Anomalies: Listening to your secondaries with Service Fabric

This is the second post in the series describing different anomalies you may run into using modern databases or other storage systems.

Just turn this on

This story has a similar beginning as the last one. It starts when one of developers working on a project built with ServiceFabric finds this property ListenOnSecondary and enables this feature. After all, if now every node in my cluster can answer queries sent by other parts, that should be good, right? I meant, it’s even more than good! We’re faster now!

Replication

To answer this, we need to dive a bit deeper . We need to know how Service Fabric internal storage works. Service Fabric provides a clustered storage. To ensure that your data are properly copied, it uses a replication protocol. In every single moment, there’s only one active master, the copy accepting all the write and read operations, replicating its data to all the secondary replicas. Because of various reasons, replicas that data are copied to, can be not always up to date. To give an example, imagine that we sent three commands to Service Fabric to write different pieces of data. Let’s take a look at the state

  • master: cmd1, cmd2, cmd3
  • replica2: cmd1, cmd2,
  • replica3: cmd1, cmd2, cmd3

Eventually, replica2 will receive the missing cmd3, but depending on you hardware (disks, network), there can be a constant small lag, where it has some of the operations not replicated yet.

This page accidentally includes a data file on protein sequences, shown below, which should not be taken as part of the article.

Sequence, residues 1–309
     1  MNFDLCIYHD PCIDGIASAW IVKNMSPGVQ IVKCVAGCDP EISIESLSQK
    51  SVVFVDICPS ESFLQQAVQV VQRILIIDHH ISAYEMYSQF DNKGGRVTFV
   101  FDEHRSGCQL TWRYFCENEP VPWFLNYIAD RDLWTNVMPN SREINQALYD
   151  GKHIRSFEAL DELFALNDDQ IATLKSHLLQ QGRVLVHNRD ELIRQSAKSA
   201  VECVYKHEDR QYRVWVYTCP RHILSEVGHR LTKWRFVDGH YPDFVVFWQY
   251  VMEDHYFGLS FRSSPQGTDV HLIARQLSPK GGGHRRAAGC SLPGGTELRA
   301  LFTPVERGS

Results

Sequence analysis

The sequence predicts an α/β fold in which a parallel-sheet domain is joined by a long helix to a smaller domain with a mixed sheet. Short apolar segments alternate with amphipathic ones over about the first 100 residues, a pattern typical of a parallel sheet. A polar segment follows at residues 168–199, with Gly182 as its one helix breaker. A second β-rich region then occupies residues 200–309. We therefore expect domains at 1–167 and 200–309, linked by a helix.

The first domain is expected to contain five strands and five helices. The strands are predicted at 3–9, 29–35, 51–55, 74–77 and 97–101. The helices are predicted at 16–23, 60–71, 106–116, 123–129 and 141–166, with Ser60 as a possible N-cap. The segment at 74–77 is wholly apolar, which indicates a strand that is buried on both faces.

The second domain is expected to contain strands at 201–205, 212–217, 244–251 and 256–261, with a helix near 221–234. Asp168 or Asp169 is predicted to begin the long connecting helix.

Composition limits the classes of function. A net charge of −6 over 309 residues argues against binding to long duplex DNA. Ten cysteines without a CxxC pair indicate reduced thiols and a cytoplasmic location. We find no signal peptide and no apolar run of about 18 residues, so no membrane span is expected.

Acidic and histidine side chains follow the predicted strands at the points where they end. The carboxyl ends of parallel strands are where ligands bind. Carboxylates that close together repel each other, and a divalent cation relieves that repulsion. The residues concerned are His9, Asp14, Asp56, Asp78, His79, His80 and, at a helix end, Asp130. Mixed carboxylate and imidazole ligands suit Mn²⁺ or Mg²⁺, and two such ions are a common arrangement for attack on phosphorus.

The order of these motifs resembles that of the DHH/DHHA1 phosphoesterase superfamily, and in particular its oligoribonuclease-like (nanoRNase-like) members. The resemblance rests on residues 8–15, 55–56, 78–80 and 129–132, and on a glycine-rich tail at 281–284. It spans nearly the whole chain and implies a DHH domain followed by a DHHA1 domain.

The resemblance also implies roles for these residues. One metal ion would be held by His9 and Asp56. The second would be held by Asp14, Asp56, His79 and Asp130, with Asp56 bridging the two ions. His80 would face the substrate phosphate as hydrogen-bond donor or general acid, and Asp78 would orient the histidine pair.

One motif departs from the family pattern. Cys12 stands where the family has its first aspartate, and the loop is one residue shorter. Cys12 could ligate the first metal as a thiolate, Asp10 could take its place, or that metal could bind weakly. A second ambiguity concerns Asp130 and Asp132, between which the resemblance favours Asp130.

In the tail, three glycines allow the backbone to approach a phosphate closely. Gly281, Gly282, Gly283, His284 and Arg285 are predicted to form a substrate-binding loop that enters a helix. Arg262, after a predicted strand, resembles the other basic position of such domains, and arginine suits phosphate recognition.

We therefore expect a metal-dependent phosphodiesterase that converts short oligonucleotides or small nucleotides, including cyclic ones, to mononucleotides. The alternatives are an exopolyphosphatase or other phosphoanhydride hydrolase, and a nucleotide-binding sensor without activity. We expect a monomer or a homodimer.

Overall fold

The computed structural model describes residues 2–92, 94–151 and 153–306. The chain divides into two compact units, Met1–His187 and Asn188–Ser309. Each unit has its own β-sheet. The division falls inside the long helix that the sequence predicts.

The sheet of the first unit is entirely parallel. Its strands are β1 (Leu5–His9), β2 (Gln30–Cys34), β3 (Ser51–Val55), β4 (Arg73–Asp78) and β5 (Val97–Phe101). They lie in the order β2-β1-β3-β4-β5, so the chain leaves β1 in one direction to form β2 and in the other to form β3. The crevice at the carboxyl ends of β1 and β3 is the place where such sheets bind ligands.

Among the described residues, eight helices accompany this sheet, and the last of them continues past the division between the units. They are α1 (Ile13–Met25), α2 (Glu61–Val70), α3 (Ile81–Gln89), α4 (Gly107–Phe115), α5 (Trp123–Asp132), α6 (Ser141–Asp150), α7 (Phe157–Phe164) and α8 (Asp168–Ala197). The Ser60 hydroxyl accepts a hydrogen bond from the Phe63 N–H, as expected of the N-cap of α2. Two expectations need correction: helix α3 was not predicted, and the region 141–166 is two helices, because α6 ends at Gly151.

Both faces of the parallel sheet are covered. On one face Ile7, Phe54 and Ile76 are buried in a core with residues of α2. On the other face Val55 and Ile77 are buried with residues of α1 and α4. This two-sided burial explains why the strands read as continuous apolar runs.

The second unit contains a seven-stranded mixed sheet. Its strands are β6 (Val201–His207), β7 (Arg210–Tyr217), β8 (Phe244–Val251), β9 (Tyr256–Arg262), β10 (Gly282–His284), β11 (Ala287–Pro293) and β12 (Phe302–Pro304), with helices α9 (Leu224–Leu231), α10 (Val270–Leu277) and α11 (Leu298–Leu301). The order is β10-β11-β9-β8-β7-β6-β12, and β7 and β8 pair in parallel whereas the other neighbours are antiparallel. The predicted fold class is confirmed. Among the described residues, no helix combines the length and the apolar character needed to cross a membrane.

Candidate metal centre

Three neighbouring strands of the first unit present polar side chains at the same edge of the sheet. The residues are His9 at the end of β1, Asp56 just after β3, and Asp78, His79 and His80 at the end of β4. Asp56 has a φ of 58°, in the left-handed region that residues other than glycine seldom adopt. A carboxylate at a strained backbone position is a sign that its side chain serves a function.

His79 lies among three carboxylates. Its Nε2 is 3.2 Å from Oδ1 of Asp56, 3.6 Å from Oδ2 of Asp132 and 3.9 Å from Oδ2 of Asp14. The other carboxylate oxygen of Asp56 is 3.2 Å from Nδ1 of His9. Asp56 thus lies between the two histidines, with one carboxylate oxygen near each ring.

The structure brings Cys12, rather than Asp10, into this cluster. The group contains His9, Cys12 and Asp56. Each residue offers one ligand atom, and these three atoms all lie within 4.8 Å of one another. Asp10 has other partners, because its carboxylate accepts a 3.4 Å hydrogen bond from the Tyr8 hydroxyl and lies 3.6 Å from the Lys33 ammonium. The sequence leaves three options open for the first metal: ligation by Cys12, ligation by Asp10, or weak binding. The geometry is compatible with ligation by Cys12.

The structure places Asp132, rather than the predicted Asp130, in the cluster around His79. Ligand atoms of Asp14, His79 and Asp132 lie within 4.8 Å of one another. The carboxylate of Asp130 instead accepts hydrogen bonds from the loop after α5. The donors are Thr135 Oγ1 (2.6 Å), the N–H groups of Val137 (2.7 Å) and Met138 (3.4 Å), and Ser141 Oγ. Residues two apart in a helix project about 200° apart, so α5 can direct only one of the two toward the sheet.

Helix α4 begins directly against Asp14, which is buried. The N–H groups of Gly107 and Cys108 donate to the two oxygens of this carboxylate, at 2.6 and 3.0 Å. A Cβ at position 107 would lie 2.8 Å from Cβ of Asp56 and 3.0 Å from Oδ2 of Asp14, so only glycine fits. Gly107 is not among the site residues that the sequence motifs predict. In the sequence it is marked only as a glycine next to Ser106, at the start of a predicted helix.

Now, after seeing this example of how replication works and noticing that the state on replicas might be occasionally stale, can we turn on ListenOnSecondary that easily?

It depends (TM)

There is no straight answer to this. If your user first calls an action that might result in a write, and then, almost-immediately, queries for the data, they might not see their writes, which are replicated with some lag.

If your writes are not followed with reads, and you always cheat by updating the view for the user as it would be, if data were read from the store, then, you might not run into a problem.

Unfortunately, before switching on this small flag, you should think about concerns I raised above.

Wrapping up

Unfortunately for us, we’ve been given a very powerful option, configured with a single call to a method. Now, we can enable reading potentially stale data to gain bigger query throughput. It’s still up to us, whether we want to do it and whether we can do it, being given the environment and the architecture our solution lives in.